In the 50’s Pennant Hills Road was a two lane concrete strip between wide dirt and grass verges and there was no curbing except in the shopping villages – Thornleigh, Pennant Hills etc. At regular intervals the concrete was interrupted with a tarred expansion gap and even if napping in the back of the car returning home at night, I could tell we were on the final stretch by the thump, thump, thump.  Many side roads were still unsealed (dirt).

The tarred (macadamised) roads were maintained by the council steamroller (powered by coal).  It was one of my joys as a child to talk to the steamroller driver who used to stop outside the paddock next door to fill up with water from the hydrant there, while he made a pot of tea with water from his boiler and stoked his fire.

Traffic came in groups as some cars were very slow and apparently were used to moving with a constant train of impatient followers waiting to overtake.  This was particularly the case going ‘up the mountains’ or to Newcastle.  When we were stopping the traffic we had to be careful because some of these older (pre War) cars and trucks still had cable brakes and took a long time to stop.

Everyone who could afford it lived within walking distance of the ‘Fast Electric Train’ (as it was marketed).  The long distance trains and freight trains were steam driven, powered by coal. 

Our school was near the railway and we were particularly interested in the trains, both the type of steam locomotive, particularly the new ‘Garrets’ and the ‘Newcastle Flyer’, and the goods being moved.  A particularly illegal pastime was to put a penny on the track to have it flattened by the train wheels.

Many people rode a pushbike.  The postman and several other officials (meter readers etc) got about on bikes. Milk, bread, firewood, coal and ice were all delivered by horse and cart. There were working horse (water) troughs in each of the village centres.  In Thornleigh it was outside the School of Arts.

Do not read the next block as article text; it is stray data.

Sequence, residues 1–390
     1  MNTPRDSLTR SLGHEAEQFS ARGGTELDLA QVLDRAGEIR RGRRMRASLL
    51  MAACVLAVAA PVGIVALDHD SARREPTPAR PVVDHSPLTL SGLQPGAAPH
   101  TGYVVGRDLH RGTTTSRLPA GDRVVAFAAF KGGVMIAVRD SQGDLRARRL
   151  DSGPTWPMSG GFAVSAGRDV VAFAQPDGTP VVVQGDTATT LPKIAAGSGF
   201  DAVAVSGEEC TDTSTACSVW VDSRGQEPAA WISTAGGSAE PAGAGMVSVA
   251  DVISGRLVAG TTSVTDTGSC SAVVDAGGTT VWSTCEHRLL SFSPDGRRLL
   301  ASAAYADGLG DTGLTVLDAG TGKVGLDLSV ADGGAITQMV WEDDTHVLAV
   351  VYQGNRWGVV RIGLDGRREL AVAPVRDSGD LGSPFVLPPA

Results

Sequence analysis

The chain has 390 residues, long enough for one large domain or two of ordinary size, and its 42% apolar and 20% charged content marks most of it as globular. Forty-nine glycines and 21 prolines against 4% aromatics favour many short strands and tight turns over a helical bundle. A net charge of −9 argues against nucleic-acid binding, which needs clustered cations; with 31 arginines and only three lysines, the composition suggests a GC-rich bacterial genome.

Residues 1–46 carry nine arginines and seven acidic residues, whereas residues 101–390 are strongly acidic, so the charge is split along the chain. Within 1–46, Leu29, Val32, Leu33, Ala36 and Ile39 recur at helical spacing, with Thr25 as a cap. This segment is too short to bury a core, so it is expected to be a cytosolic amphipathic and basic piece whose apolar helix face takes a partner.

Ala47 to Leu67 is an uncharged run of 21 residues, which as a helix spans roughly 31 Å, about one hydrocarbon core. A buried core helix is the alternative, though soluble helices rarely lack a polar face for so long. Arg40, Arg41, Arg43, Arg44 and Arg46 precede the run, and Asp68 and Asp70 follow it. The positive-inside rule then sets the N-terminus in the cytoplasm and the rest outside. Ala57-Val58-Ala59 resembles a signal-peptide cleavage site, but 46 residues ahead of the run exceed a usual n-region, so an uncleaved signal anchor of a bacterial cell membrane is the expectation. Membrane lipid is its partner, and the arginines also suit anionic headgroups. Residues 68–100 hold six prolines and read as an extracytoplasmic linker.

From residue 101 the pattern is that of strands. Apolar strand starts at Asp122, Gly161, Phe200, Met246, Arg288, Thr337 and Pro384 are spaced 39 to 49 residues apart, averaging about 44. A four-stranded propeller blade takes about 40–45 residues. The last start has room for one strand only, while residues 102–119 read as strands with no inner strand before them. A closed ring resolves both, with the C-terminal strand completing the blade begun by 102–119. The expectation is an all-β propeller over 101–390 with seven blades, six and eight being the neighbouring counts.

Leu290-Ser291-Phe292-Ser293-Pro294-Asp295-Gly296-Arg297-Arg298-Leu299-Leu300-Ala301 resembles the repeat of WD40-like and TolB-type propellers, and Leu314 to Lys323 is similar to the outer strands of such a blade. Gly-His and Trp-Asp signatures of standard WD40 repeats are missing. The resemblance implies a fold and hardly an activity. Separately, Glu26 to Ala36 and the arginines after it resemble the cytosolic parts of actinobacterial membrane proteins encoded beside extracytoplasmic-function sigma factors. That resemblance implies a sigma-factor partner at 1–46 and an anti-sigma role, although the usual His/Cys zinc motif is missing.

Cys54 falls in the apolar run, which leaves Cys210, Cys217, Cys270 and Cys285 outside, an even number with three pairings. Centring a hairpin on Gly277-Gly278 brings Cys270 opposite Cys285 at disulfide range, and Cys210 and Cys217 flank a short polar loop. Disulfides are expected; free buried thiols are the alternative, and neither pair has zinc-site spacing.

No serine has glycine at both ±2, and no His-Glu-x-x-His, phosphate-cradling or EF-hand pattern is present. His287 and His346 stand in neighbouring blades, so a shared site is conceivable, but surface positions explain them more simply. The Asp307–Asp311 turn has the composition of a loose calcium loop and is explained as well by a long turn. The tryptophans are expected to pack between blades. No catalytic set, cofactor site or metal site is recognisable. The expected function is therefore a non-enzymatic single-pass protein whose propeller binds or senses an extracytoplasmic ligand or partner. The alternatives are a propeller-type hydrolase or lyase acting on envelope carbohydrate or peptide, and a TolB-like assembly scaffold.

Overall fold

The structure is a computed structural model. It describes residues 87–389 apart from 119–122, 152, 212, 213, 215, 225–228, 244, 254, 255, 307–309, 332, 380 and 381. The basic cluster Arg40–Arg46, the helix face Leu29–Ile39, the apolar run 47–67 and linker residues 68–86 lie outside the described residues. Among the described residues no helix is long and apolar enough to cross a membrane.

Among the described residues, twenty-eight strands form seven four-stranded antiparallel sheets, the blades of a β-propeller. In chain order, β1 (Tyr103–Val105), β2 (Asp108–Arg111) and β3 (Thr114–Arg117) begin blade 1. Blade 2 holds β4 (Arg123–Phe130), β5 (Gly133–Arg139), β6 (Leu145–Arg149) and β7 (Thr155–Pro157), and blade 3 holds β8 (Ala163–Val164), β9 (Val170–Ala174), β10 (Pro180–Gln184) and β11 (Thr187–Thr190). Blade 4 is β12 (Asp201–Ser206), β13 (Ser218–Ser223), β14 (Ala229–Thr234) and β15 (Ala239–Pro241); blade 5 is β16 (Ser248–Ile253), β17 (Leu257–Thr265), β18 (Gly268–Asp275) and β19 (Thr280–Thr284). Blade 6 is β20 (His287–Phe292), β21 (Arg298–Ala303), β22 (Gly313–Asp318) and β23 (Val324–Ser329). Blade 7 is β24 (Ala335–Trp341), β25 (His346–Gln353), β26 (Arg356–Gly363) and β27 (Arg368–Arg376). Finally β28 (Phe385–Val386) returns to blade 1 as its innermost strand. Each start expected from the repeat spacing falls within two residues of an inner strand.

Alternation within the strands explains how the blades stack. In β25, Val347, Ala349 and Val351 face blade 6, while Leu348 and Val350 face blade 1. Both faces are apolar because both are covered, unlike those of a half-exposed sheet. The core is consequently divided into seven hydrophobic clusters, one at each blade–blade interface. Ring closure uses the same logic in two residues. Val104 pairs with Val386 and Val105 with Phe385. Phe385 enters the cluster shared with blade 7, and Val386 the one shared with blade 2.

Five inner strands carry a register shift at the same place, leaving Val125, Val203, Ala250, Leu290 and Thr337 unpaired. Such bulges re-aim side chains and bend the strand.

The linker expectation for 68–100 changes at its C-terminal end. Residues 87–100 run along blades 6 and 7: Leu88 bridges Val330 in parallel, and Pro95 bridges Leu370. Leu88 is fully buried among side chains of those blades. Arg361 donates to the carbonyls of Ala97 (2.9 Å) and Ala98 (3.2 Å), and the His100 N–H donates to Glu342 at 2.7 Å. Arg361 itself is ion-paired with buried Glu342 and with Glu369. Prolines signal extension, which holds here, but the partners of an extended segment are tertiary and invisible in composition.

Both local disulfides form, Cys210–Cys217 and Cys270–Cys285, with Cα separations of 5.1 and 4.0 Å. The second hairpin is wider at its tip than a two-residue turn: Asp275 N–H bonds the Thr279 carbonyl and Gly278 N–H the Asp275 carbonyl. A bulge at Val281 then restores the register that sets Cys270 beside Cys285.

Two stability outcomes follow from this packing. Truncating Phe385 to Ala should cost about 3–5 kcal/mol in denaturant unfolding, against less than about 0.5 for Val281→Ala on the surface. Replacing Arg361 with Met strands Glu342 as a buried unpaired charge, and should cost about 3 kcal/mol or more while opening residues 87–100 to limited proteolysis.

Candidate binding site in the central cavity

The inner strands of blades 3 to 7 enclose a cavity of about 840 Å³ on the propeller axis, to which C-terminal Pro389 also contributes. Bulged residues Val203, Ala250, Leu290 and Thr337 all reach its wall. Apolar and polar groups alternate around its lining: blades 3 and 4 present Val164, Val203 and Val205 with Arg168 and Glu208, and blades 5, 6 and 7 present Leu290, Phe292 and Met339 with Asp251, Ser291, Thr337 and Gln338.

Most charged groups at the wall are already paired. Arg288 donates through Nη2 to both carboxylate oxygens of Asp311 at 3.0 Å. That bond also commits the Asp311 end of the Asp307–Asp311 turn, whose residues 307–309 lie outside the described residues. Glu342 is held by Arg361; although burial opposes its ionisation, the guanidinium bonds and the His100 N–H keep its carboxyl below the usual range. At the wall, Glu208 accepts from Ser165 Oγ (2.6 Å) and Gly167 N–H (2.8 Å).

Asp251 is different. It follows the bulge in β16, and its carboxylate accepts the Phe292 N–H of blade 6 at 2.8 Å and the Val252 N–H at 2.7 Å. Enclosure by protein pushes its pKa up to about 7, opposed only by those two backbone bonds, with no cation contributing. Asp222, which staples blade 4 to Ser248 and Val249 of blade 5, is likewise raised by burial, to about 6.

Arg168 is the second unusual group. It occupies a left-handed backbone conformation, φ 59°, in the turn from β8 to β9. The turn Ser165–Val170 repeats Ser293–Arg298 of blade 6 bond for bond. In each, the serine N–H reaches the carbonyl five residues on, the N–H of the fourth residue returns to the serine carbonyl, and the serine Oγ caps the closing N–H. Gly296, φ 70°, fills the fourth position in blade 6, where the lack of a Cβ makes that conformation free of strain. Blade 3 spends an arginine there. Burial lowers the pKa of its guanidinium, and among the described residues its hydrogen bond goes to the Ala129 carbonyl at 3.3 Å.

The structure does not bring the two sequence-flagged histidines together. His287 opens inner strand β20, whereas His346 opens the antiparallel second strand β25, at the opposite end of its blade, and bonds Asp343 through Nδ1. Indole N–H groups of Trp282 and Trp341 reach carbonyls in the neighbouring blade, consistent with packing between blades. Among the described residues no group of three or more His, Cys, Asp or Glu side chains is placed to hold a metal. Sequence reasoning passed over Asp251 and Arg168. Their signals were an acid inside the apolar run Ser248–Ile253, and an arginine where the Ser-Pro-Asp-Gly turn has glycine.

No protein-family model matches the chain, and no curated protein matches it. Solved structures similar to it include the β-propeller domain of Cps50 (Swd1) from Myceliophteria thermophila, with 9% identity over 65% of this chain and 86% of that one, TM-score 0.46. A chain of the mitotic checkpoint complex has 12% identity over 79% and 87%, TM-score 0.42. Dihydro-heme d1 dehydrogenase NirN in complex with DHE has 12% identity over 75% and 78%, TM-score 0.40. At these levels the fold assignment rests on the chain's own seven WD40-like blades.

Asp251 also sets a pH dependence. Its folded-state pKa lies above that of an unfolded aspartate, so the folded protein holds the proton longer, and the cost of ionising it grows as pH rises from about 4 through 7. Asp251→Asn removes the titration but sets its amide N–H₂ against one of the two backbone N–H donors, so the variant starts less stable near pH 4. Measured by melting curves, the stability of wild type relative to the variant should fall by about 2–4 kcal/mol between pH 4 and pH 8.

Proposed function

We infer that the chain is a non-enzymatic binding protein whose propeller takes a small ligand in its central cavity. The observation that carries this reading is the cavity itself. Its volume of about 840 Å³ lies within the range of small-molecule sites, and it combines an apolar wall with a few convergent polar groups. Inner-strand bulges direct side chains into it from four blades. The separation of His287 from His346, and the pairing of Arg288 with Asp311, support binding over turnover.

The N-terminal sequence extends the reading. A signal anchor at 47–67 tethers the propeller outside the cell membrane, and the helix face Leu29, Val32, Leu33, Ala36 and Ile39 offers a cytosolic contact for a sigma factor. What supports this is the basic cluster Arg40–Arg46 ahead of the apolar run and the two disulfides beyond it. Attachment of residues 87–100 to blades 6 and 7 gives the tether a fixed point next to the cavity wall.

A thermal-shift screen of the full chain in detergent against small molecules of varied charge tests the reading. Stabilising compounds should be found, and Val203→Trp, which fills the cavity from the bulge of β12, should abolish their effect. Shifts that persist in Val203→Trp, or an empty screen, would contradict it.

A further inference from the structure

Keep the candles handy

 

In those days the energy supply was still dominated by coal.  Not only were steam engines still widely used in industry but Sydney had around twenty local coal-fired power stations generating electricity. Major power stations at Bunnerong, Balmain, Pyrmont, and White Bay supplied Local Council maintained electricity distribution grids and four, run by the Railways, powered the electric trains. 

In the early 1950s the electricity Commission of New South Wales was established to consolidate electricity infrastructure in the State.  Until this infrastructure was consolidated the electricity supply was in many hands and was very unreliable.  Blackouts were regular occurrence and everyone had candles and kerosene lamps at the ready.

This was a major problem for urban development in Sydney.  Until there was reliable electric power the construction of high-rise buildings with electric lifts and comprehensive reticulation of water or pumped sewerage was not possible.  In some parts of Sydney there was no town water and a large area of the city remained unsewered.

Progressively new larger more efficient power stations were established near the coalfields in the Hunter, at Lithgow and the Illawarra, and all of the Sydney located power stations were shut-down.  Although many of these old Sydney power stations have been demolished or reused, several of the sites remain undeveloped to this day, as the cost of remediation exceeds the value of the land.

By the Second World War electricity had already replaced gas for lighting (although both my Paddington and Newcastle houses still had the plumbing for gas lighting) but town gas was still widely used for cooking and heating. 

This was generated in a number of gasworks producing town (producer) gas from coal.  These were the predominantly located around Sydney Harbour, where coal could be delivered by barge.

There were 12 gasworks in Sydney alone and over 60 New South Wales.  Early gasworks were extremely dirty, smelly industrial sites. Many of these were located on what are now prime Harbour residential suburbs including, Miller’s Point, High Street North Sydney (subsequently HMAS Platypus) and White City Paddington.

Well until I was an adult major gasworks were still operated at Mortlake, Abbotsford and Silverwater.  The recollection of the smell of these suburbs left me with a prejudice against them that lingers to this day.  Natural gas progressively replaced town gas in Sydney from the end of 1976 when the pipeline from South Australia was completed.

Apart from a wide range of chemical feed-stocks, a major by-product of gasworks was coke, a black porous rock like substance (around 90% carbon, the balance being ash – mainly silica, and water).